The Daughters of Edward I

Kathryn Warner‘s latest tome has arrived and soon raised memories of Ashdown-Hill’s Eleanor, as two of the daughters in question – Joan of Acre (twice) and Elizabeth of Rhuddlan – are among the ancestors of Lady Eleanor Talbot, Lucy Walter, “Mrs. Fitzherbert” (Maria Smythe) and Laura Culme-Seymour, as shown in Royal Marriage Secrets and replicated here.… Continue reading The Daughters of Edward I

The White Ship

Here is a Daily Telegraph review of Charles, Earl Spencer‘s book about the sinking of the White Ship in 1120. It includes a lot of hypotheses based upon the survival of William the Atheling, the tenager who was Henry I‘s only surviving legitimate son but was the most prominent casualty of this maritime incident, arguably… Continue reading The White Ship

V.B. Lamb’s unanswered questions

(see this article) If Henry VII “knew” that Edward IV‘s sons were dead by the time of his accession, why did he take nineteen years to produce any “evidence”, particularly when two individuals appeared claiming to be one or both of those “Princes” in 1487 and 1491? If he “knew” that Edward IV hadn’t committed… Continue reading V.B. Lamb’s unanswered questions

Myths aren’t facts; least of all myths about Richard III….

Ricardians often bemoan the repeated myths about Richard’s wickedness and cruelty. And with good reason. In spite of the fact that he did what he could to better the lot of women, he is accused of bullying the poor old (treacherous) Countess of Oxford because she happened to be financing her Lancastrian son who was… Continue reading Myths aren’t facts; least of all myths about Richard III….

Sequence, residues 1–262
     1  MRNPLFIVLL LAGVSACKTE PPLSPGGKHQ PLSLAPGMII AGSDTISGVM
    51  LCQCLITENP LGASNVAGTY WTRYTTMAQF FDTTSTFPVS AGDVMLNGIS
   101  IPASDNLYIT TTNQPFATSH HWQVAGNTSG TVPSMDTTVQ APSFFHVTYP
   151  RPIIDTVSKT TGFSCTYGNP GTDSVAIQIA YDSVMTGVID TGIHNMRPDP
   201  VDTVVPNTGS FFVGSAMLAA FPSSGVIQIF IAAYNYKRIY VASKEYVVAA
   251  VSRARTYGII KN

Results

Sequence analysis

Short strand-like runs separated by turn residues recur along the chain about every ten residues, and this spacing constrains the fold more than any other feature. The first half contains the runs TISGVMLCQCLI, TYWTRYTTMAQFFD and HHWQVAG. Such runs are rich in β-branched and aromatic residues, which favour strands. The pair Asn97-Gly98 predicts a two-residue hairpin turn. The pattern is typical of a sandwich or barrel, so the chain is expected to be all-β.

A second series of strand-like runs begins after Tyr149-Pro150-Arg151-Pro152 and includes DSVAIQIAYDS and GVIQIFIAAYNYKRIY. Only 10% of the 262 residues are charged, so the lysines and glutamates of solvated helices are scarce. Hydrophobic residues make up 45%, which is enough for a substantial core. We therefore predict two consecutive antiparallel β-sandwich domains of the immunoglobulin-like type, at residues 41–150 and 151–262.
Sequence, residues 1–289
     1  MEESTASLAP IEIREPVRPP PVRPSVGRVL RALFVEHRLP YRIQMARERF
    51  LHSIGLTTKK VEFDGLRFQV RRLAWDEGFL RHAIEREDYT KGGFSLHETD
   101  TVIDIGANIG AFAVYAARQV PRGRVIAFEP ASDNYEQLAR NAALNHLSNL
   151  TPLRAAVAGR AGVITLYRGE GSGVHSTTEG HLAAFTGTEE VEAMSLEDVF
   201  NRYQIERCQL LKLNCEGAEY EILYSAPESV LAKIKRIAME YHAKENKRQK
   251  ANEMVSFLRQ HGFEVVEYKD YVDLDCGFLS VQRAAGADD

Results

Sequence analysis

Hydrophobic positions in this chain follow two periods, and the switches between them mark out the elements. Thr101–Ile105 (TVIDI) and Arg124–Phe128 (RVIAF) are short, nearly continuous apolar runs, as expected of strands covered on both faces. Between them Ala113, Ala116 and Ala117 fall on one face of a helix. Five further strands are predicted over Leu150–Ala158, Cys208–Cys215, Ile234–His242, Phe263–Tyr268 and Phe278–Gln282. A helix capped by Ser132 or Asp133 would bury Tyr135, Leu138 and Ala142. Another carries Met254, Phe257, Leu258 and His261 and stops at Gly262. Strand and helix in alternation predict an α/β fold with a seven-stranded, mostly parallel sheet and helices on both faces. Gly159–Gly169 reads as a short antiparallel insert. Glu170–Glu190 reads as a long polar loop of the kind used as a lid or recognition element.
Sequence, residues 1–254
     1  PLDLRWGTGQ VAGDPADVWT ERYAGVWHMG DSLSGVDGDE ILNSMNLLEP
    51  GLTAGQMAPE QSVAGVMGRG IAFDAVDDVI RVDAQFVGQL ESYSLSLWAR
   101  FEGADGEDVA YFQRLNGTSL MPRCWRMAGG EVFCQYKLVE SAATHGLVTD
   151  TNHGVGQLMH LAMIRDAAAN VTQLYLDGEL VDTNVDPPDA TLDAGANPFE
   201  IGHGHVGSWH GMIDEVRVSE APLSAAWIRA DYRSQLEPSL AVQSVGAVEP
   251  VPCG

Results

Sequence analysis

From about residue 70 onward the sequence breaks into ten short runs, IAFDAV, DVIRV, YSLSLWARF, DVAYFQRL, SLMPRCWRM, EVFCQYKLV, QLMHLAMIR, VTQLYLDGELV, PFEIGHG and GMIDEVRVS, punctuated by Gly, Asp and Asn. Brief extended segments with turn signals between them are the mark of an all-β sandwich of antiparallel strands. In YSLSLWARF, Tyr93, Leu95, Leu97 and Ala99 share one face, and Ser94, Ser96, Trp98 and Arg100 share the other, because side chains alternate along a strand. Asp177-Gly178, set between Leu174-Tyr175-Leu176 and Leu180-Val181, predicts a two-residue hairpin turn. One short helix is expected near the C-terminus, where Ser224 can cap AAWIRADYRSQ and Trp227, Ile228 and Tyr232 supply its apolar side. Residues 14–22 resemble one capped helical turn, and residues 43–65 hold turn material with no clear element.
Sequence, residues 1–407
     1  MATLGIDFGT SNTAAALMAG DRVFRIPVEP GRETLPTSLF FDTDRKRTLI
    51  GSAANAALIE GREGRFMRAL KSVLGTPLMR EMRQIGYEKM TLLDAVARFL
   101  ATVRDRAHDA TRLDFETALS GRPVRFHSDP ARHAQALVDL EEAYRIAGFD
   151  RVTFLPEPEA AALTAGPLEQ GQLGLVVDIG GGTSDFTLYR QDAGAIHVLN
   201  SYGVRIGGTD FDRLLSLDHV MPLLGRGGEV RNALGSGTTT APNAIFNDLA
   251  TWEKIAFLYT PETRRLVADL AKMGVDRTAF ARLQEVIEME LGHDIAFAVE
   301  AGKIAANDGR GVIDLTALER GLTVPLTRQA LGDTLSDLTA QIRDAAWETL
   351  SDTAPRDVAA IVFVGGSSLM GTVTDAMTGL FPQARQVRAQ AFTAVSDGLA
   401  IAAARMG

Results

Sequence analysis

A new series of medieval murder mysteries….

  “….AN initiative to find the bones of Alfred the Great in the Hyde suburb of Winchester, sponsored more than 20 years ago by the City Council, has had a surprising outcome. This is the launch of a series of whodunnits in settings that many readers will find easy to imagine. “….The first title, Charter… Continue reading A new series of medieval murder mysteries….

The Betrayal of Richard III by V B Lamb – a book review

Reblogged from A Medieval Potpourri sparkypus.com Artist Emma Vieceli This book is a little gem.  Written by the late Vivien Beatrix Lamb and first published in 1959 it’s no surprise that it’s still in print and a new edition available from The Richard III Society online shop with an introduction and notes by  Peter Hammond.   … Continue reading The Betrayal of Richard III by V B Lamb – a book review

1066 Remembered

Nearly 1,000 years have passed… In October 2016 I began a series of posts in memory of 1066, arguably the most important year in the history of England. Interestingly enough, while I enjoyed history, this era was not always my favored, as it once seemed so complicated and intimidating; my memories of studying it in school were… Continue reading 1066 Remembered

No longer passing the Buc(k)?

Now for some very interesting news: Arthur Kincaid’s The History of King Richard the Third is set for a new edition, based on forty years of further research. Kincaid has managed to distinguish the forensic research of Sir George Buc (1560-1622), whose great-grandfather fought at Bosworth and whose grandfather was at Flodden, from that of… Continue reading No longer passing the Buc(k)?

A pinch of salt reflected in A Distant Mirror….

Here is a heartfelt lament. Some books are always widely lauded, and rightly so, but what happens when one finds a blooper within the hallowed pages? In this instance I speak of A Distant Mirror: The Calamitous Fourteenth Century, by Barbara Tuchman. It’s packed full of detail, and a great read…until that one blooper leaps… Continue reading A pinch of salt reflected in A Distant Mirror….

Audrey Strange

Being obsessed with all the books related to Richard III, I discovered a very interesting story I totally ignored. I bought a book titled “The Crowned Boar” published in 1971 and I soon discovered (after buying both of them for a small fortune) that there was another book titled “The Son of York” that told… Continue reading Audrey Strange